But there are some sports that, for the spectators and former players at least, lend themselves to wine appreciation. Take the game of cricket. As well as being a leisurely contest-Test matches take place over five days, with breaks for lunch and tea written into the laws-it is also played in some of the most beautiful wine regions in the world. In South Africa, Newlands Cricket Ground is a short drive from the Western Cape vineyards of Stellenbosch and Franschhoek. New Zealand’s McLean Park is in the heart of Hawke’s Bay, home to some scintillating red wines.


While there are plenty of celebrities who endorse brands, there is also a number of sportsmen who have genuinely caught the wine bug, whether it was a memorable first glass while on tour, over a meal with their future wife or long after they’d retired from the locker room. For a few, like Formula One driver Jarno Trulli, that off-duty love of wine has matured into a post-retirement business.


Jarno Trulli


Years before climbing into a race car, Jarno Trulli knew how to make wine. “My wine experience isn’t huge, but it is definitely long,” says the former Formula One driver. “I grew up with my grandfather when I was young; he was making wine in his garage and that was one of the first things I can remember.”


Those early experiences in the western Italian city of Pescara, watching his grandfather produce small batches of wine for the family cellar, stayed with him. “As I started racing go-karts, I lived in a different way,” he says. “But when I had the chance to restart the family business, I took it.”


Jarno Trulli purchased Podere Castorani, a 30-hectare estate in Italy’s central Abruzzo region, in the late 1990s. The core business is centered around the production of red wines made from the Montepulciano and Montepulciano d’Abruzzo grape varieties. There are also a number of white wines made from Pecorino, Trebbiano d’Abruzzo, Passerina and other local varieties.


That opportunity came in the late 1990s in the form of Podere Castorani, a 30-hectare estate in Italy’s central Abruzzo region, where the red Montepulciano grape variety thrives. Tucked away in the foothills behind Pescara on the Adriatic coast, it has been described as the heart of Italy’s winemaking culture. The 18th-century estate had been abandoned for many years before Mr. Trulli, then in his 20s, along with his father and Formula One manager Lucio Cavuto, set about restoring its vineyards.


“The wine world is totally different to Formula One because everything takes a long time, but the passion is exactly the same because it is the same fundamentals as when I was racing,” says the 38-year-old, who recently retired from racing. “We have to be passionate and pay attention to all the details and make sure the wine is being made and aging in the right way.”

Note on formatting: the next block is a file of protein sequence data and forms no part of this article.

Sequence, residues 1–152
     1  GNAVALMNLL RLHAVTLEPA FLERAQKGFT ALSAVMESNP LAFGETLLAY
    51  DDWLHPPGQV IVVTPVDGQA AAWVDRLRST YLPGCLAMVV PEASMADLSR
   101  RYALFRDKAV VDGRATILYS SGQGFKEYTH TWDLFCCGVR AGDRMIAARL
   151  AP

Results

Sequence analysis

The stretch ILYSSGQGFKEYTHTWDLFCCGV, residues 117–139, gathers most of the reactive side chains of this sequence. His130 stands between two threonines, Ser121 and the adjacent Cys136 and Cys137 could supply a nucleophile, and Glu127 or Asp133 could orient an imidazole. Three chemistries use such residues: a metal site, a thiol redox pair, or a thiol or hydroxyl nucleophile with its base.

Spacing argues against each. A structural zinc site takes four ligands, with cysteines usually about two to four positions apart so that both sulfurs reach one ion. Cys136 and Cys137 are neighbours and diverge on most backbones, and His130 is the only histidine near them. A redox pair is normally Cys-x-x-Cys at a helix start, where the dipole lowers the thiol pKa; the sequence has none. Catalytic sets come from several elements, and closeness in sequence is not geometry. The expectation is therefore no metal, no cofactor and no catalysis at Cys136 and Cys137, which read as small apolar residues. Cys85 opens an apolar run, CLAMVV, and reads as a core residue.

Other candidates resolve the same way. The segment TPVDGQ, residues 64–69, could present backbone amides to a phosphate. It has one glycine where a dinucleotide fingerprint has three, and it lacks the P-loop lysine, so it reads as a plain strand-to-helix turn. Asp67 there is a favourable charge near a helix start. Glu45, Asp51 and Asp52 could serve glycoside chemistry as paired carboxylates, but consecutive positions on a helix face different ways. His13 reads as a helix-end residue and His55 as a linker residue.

He says he has very little to do with the actual winemaking-leaving that to his winemaker, Angelo Molisani-but he is heavily involved in marketing the product. “When I was racing, I used to spend the first half of the week meeting people and promoting the wines,” he says. “I have never been a huge drinker. One glass will always be enough….When we were approaching the weekend, we would never touch alcohol. But after the race, it was always nice to celebrate.”


Ian Botham


The former English cricket captain discovered his love of New World wine when he was touring Australia and New Zealand in the late 1970s. “It all started when we were playing in Australia and we didn’t like the ordinary beer they served in Adelaide,” says Ian Botham. Winemaker Geoff Merrill, who would later go on to work for Hardy’s before setting up his own label, suggested to the fast bowler and his teammate Bob Willis that they should come and “try our wines,” Mr. Botham recalls.


Former English cricket internationals Ian Botham and Bob Willis, in partnership with South Australian wine producer Geoff Merrill, produce three wines: a Chardonnay, Cabernet Sauvignon and Shiraz. Full-bodied and ripe, they are very much made in the New World style and sell for around £16 or ?20 a bottle.


From that meeting, the seed was sown. Mr. Botham, who had been educated to appreciate the delights of fine wine (mainly French) by the late cricket commentator and writer John Arlott, began a love affair with Australian wine. “The more I visited vineyards on my travels and got to know the wine growers and the regions, the more disillusioned I became with French wine,” he says. “I used to bring a lot of wine back from Australia for John Arlott to try. In the early days, he would dismiss [them] but toward the end, he saw that their styles were changing and he mellowed a bit on it.”


In 2001, Mr. Botham joined with Mr. Willis to launch a Cabernet Sauvignon and Shiraz made by Mr. Merrill’s winery in the McLaren Vale. A Chardonnay followed a year later. “We are very much hands-on and involved,” says the 57-year-old, now a sports commentator. “What we haven’t tried to do is go down the route where Geoff has a vat of Chardonnay that he can’t get rid of so we put our names on it and flog it. That’s not what we do.


“I taste the wines,” he adds. “I have some 2001 Shiraz that I will be opening, some ’05 Chardonnay, which is quite a butch Aussie Chardonnay with a bit of oak on it. We actually toned it down from previous vintages because of peer pressure from the girls.”


These days, Mr. Botham’s cellar is filled with the sort of award-winning bottles that have put Australia on the wine map: Penfolds, Hill of Grace by Henschke, Merrill’s Henley Shiraz and Moss Wood. “If I was given the choice between a Montrachet from France or a Western Australian Chardonnay like Leeuwin Estate Art Series, there would be no contest,” he says.